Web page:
I am a TOTAL sucker for steam rooms and saunas. I try and go to one at least twice a week to try and elimate all my toxins and to relax my muscles after the gym. I don’t know how they work or what it is that is so good about them, but I always feel incredible afterwards; I sleep better at night and my skin looks fresher in the morning. So, I was really excited to speak to the gorgeous Antonia Plunckett about a new type of sauna/steam experience that has hit London by storm and find out exactly what the benefits are! Here is what she had to say:
Bathhouse culture was a pillar of ancient society enjoyed across Roman and Ottoman Empires. Its made a big comeback recently in some of the most sought after venues of London. In fact – more and more health clubs, hotels and gyms now have some sort of bathhouse element… So get out of the chill and melt into the a cocoon which combines the raw elements of water, fire, wood and stone.
As the golf course is to America, the banya is to Russia a place to socialise, renew and relax. Banya stories take place as far back as 900AD when the village banya was a place for its people to warm up, socialize and help boost immunity against potential epidemics. Now it’s very much a part of the beauty and health regime of many and Londoners have woken up to its health benefits.
Less hot but more humid than a sauna, you enter a large wooden rustic room where you will sit for ten minutes to warm up the body. Forget the smell of jasmine or rose… and embrace leafs, wood, and the smell of an outdoors wet forest. Nothing fancy here! Once your skin is warm and supple, the banya therapist (Banschik) will create a micro climate over your body by pouring a herbal infusion over hot stones and with large soft branches of birch and eucalyptus (veniki), the banshik will bring the heat down to your body and lightly caress your body with the veniki. After 10-15 minutes of light whipping and hitting with the veniki (it is a lot less scary than it sounds! Honeslty!), the Banschik will lead you to a very very cold plunge pool. Ice cold in fact! Expect to make sounds you never thought you could as your system is shocked and completely rebooted. You can then go back into the banya in intervals or if you’ve had enough, wrap yourself in a fluffy bathrobe and lie down with a herbal tea. Close your eyes. Let your mind wonder. You can literally feel the blood rushing through your body and your hole being come to life again.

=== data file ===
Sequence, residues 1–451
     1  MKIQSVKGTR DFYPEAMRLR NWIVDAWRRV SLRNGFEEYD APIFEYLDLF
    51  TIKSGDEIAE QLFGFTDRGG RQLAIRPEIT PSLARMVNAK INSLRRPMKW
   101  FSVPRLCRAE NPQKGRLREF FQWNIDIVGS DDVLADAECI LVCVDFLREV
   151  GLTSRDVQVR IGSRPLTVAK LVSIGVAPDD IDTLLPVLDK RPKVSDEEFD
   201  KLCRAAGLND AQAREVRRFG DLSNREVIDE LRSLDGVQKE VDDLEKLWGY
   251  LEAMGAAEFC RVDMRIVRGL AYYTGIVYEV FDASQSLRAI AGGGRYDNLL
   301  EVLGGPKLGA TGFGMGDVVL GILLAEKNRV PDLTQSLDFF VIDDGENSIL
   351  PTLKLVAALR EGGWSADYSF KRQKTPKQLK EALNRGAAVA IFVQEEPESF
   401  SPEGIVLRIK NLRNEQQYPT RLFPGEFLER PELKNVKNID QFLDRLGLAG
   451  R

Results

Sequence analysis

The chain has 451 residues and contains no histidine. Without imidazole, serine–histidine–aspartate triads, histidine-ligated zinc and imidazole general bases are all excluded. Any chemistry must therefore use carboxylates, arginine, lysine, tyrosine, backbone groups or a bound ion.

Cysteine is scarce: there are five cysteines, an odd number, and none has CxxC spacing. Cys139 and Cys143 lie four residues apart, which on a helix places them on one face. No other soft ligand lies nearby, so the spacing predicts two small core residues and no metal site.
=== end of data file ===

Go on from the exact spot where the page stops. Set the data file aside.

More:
Increased circulation and better complexion / skin regeneration
Elimination of toxins
Reduction of cellulite
Improved flexibility and reduction of muscle stiffness and soreness
Since the Roman Empire, public baths have been a place for men and women to relax, socialize and wash before modern plumbing was in place. Much like the banya, the hammam was used for health benefits and deep cleansing of the body and mind but also a place to catch up with gossip and socialise. Today hammams are not only popular in countries like Morocco and Turkey but are found in some of the best spas of London.
With beautiful stone or earthy walls, a hammam is a steam room bursting with the smell of eucalyptus to clear the lungs. A detoxifying and cleansing ritual is performed by the Tellak (hammam therapist) with a kessa glove and black soap made of black olive pulp and either aragan or olive oil. The black soap has antiseptic properties for a deeper pore cleaner and gets rid of dead skin. It smells delicilous so although the cleanse can be a little rough, the experience is on the whole relaxing…and you will come out looking radiant.
Improved lymphatic drainage and stimulation of circulation
Removal of dead skin cells
The healing properties of water and steam have been around for centuries and for good reason they have lsted the test of time. Today, we make the effort of including exercise and healthy eating in our every day lives – but do we really switch off? Do we stop and close our eyes and connect back to nature. Get back to the roots of ancient traditional medicine and treat your body and mind to a very authentic and natural way of rejuvenating and reenergizing.
Favourite London Banya and Hammam:
Written by Antonia Plunkett
Antonia has worked in the hospitality and private members club industry for a decade from launching a nightclub in Hong Kong to setting up a health and fitness sanctuary in London. Bought up between Paris and London and having studied at Trinity College Dublin, she has an international outlook on life which is reflected in her work. She doesn’t stop moving and exploring and therefore understands the importance of being healthy and keeping well to keep up with her own lifestyle.